Miguel Angel Ramirez’s name wasn’t among those considered when Charlotte’s Major League Soccer expansion franchise began the search for its first coach.
But it’s not because team management doubted his ability to do the job.
“He was not on an initial list of candidates because we didn’t think, really, that we could get him,” team sporting director (general manager) Zoran Krneta told the MLS’s official website.
While Ramirez might not have been interested in the job when Charlotte FC began its search last year, it became much more attractive to him when he suddenly found himself unemployed after less than one season leading the Brazilian team Porto Alegre International.
The 36-year-old Spaniard whom Krneta referred to as “a big, upcoming star,” accepted the challenge of leading Charlotte FC into its inaugural season when he was hired by the MLS’s newest team last Wednesday.
He was one of approximately 30 candidates that were considered or interviewed for the job.
“After a thorough review of many candidates, it was obvious to us that Miguel was the right person to lead our team,” team owner David Tepper said in a statement. “He is a process-oriented coach with a unique style of play and a proven ability to develop young talent.”
Ramirez will be formally introduced sometime next month after he receives a work visa. He will then have just under a year to familiarize himself with the MLS, scout players and begin building a roster.
Once the team begins to play in 2022, he will become the youngest coach in the MLS.
Despite his youth and lack of previous MLS experience, the native of Las Palmas in the Spanish Canary Islands is anything but a coaching novice.
He began his career at the age of 19 working at the youth level in his hometown before moving to Greece and then Qatar, where he spent six seasons working with age-group teams at Aspire Academy. He also coached Qatar’s U14 and U17 national teams, many of whose members will be on that country’s 2022 World Cup squad.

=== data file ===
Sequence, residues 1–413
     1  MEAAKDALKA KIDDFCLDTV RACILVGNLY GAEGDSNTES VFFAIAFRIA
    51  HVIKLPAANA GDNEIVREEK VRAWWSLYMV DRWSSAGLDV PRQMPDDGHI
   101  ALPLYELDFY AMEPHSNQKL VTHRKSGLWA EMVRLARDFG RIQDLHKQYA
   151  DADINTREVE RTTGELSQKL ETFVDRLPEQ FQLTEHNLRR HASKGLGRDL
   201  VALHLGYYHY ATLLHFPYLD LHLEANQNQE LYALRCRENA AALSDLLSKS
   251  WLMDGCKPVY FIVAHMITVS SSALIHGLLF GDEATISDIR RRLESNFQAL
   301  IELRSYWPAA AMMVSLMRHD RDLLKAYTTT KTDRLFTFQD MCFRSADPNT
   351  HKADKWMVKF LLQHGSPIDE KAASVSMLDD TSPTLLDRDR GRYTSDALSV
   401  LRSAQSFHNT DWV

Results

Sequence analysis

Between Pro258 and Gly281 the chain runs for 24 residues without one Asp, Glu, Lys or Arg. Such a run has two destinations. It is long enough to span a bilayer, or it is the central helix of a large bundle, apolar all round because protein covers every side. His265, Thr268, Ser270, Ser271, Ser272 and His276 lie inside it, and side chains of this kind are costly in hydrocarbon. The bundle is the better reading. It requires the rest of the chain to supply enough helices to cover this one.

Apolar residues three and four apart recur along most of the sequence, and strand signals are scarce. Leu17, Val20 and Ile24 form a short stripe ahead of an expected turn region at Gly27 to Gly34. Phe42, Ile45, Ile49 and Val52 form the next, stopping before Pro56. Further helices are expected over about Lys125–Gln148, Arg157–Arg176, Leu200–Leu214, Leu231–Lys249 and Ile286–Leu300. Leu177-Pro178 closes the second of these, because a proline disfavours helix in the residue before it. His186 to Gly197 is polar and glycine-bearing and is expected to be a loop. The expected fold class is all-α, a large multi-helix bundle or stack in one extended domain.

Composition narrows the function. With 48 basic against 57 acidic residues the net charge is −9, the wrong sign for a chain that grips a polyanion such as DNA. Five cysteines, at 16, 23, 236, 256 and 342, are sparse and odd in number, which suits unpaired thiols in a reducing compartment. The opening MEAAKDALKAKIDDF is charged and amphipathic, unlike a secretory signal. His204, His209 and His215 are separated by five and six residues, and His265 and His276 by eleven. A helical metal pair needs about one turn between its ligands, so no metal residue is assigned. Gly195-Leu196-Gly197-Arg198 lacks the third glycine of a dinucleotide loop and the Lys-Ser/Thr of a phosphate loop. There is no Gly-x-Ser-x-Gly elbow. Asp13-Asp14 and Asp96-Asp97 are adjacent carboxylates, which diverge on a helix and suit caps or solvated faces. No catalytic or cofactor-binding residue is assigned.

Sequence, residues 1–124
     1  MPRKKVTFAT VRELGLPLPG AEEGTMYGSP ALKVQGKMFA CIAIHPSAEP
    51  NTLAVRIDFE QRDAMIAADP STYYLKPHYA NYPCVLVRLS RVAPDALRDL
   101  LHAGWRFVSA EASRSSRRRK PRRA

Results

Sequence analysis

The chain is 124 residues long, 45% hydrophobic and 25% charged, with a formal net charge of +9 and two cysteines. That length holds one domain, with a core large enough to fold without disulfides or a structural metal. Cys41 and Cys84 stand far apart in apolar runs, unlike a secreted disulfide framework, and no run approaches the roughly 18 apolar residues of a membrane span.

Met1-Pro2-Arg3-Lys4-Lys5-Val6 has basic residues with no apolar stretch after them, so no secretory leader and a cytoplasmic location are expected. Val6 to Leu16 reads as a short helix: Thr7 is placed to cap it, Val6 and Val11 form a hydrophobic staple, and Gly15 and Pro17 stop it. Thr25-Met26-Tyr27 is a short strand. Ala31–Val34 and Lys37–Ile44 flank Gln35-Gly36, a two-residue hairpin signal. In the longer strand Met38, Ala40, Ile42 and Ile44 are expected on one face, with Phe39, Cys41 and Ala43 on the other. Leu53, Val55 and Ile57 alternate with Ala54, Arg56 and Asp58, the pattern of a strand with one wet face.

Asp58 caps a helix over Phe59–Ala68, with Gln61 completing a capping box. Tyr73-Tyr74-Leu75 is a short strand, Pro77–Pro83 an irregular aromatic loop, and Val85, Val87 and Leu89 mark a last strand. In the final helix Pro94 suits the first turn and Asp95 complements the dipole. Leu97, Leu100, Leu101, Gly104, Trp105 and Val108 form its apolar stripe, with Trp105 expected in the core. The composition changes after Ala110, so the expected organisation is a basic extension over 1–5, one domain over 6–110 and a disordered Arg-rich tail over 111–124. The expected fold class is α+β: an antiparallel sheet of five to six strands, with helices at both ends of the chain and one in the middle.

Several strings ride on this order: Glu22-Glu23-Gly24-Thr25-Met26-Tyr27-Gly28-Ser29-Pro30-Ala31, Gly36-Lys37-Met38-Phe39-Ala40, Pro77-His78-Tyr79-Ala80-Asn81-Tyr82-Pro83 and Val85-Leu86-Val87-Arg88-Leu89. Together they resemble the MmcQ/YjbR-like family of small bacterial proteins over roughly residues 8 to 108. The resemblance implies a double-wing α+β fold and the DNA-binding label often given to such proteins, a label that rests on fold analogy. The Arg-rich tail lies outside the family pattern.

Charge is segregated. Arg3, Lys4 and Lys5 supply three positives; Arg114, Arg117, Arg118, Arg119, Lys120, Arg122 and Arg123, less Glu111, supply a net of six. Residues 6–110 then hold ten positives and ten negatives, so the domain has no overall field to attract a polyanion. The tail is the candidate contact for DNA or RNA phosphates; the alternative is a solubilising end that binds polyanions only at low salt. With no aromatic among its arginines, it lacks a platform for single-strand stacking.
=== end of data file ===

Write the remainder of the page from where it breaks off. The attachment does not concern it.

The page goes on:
His first opportunity at the professional level came in 2018 when he joined the Ecuadorian club Independiente del Valle. A year later, he led the team to the championship of Copa Sudamericana, the second-most prestigious tournament in South America.
That success, which included a plus-32 season goal differential, led to the coaching opportunity in Brazil’s top league — which didn’t last long despite an 11-7-4 record.
According to Krneta, Ramirez need not worry about getting such a quick hook with FC Charlotte. Patience will be the name of the game with the newly formed expansion team.
“This coach needs time to build and time to present his ideas and his style of play,” Krneta said. “We will give him the time.”
Ramirez favors an attacking style of play predicated on possession and ball control. According to Charlotte FC’s website, he is a flexible coach that isn’t afraid to adjust his formation and tactics depending on the situation and opponent.
“He’s attractive, attacking, and entertaining soccer,” Krneta told MLSsoccer.com. “He wants to control the ball and control the happenings on the pitch.
“We wanted a coach who would not be afraid to dip into that pool and to develop the players. We wanted a coach who is an educator, and he is the leader, the coach who has a great player-coach relationship, so he’s a man-manager. He will develop and strengthen those relationships.”
Although there’s still a lot of work to do, those relationships are in the process of being established.
On Monday, Ramirez announced the hiring of Italian-born Christian Lattanzio, an MLS veteran who has worked with New York City FC as well as Manchester City of the English Premier League, as his assistant coach.
Charlotte FC already has six players under contract, including Cary native Adam Armour.
“Next year will be historic for the team and for all new and existing fans as we prepare toward a remarkable inaugural campaign,” Ramirez said in a statement released by the team. “I am committed to create an entertaining, competitive club with talented young players and a unique style of play, as we build a stronger soccer culture from North to South Carolina.”